The Fall of JELL-O (and How to Stay Relevant in a Changing Marketplace)
For about 70 years, JELL-O solved a number of significant problems for consumers.
This unique gelatin product wasn’t just a food additive; it was a way to repurpose leftovers and bring loved ones together at mealtime. During the Great Depression, the preservation power of gelatin made JELL-O an affordable way to save food.
Cheap and versatile, JELL-O offered a convenient way to satisfy appetites and entertain guests throughout the mid- 1900s, especially when certain ingredients were scarce or rationed during wartime.
But in the decades after World War II ended, the problems that JELL-O had initially solved went away. Cheap food items did not impress a wealth-building American society, and wartime staples became repellant. In the 1970s, JELL-O languished as a children’s snack and hospital dessert.
As the years went on, JELL-O was marketed as a diet food through a diversity of flavors, textures, and sugar-free options, but its popularity continued to wane.
Though JELL-O is still a beloved product in some parts of the country, the notable trend toward natural foods and non-chemical ingredients has left JELL-O floundering in its wake.1
A revolutionary product and a champion of household goods for the better part of a century has descended into irrelevance.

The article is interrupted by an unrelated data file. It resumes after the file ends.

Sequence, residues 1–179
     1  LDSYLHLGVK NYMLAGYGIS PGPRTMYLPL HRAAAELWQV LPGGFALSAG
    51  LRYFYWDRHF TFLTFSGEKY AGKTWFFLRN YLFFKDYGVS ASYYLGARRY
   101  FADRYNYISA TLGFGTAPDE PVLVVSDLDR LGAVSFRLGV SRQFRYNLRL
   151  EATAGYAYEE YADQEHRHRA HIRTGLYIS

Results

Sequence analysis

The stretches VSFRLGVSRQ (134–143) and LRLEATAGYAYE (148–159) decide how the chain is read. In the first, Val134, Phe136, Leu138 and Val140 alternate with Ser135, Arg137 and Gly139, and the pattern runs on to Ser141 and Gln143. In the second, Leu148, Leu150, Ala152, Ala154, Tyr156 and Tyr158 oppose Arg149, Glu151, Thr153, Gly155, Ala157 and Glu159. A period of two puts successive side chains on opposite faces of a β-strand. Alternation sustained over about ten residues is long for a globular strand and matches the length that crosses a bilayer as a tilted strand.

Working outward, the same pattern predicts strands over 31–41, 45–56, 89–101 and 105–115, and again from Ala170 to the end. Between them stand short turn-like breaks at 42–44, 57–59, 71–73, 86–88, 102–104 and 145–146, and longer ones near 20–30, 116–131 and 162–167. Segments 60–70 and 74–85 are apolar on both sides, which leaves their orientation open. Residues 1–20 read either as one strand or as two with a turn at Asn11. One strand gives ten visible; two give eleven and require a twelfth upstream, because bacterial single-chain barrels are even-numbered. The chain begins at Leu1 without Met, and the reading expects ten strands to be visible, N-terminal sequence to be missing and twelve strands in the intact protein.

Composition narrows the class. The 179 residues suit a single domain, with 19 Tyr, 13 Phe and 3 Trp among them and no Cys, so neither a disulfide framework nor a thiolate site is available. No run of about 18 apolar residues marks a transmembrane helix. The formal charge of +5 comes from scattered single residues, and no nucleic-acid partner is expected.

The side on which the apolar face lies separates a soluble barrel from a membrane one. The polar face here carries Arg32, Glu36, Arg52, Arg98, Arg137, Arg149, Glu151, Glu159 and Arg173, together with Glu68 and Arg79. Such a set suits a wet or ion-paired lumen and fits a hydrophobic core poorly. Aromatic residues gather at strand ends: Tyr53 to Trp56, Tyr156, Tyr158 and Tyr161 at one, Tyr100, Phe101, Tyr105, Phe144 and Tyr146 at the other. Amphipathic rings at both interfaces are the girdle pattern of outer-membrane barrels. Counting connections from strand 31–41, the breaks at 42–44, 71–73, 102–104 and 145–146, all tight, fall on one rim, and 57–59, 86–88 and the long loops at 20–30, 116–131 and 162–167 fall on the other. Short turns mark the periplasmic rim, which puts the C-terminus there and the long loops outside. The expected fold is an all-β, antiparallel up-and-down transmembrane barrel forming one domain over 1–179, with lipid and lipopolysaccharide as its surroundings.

Why is this?
When it comes to running a sustainable, long-term business, the problems you solve are as important as the products you offer. As a business owner, one of the worst situations you can put yourself in is trying to solve the wrong problem — or not adapting your product to the current problems of the consumer.
In the 1990s, JELL-O attempted to be a solution for consumer problems, like the lack of diet-friendly desserts, but that problem was far less substantial than the ones it had solved before.
In its early days, JELL-O was a must-have, and it became a nice-to-have. That shift will rattle the margins of any product and shake its grip on the market. In order to thrive in the 21st century and beyond, JELL-O must showcase its versatility once more to solve newer, more agitating problems.
Determining Which Problems Matter Most
Great products often solve multiple problems for customers, but you want to focus on the one or two problems that hurt the most. You also need to be hearing from your target market directly so you can use the language they use.
The more intense the pain points are, the more people will be actively seeking a solution — and willing to pay for it. If it’s not a big issue, people may say they want the solution, but they could probably still do without it.
This is an enormous trap for entrepreneurs trying to launch products. When they first tell others about their solution, those people are often enthusiastic, saying they would buy the new product; but when it comes time to open their wallets, they’re much more conservative — to the death of the fledgling idea.
If the pain points your product solves aren’t obvious at first, it doesn’t mean you can’t bring your solution to the market — it just means you need to find out where your solution fits in the greater context of your potential customer’s life.
For example, does anyone really need carbonated water?
No one goes around gnashing their teeth or moaning for the lack of carbonated water. And yet, in the late 2010s, the carbonated water brand LaCroix surged because its product was solving a couple key problems for a certain set of people.
Let’s talk quickly about what those problems were.
If you sell water, you might say that one problem you're solving is thirst. But lots of products satisfy thirst.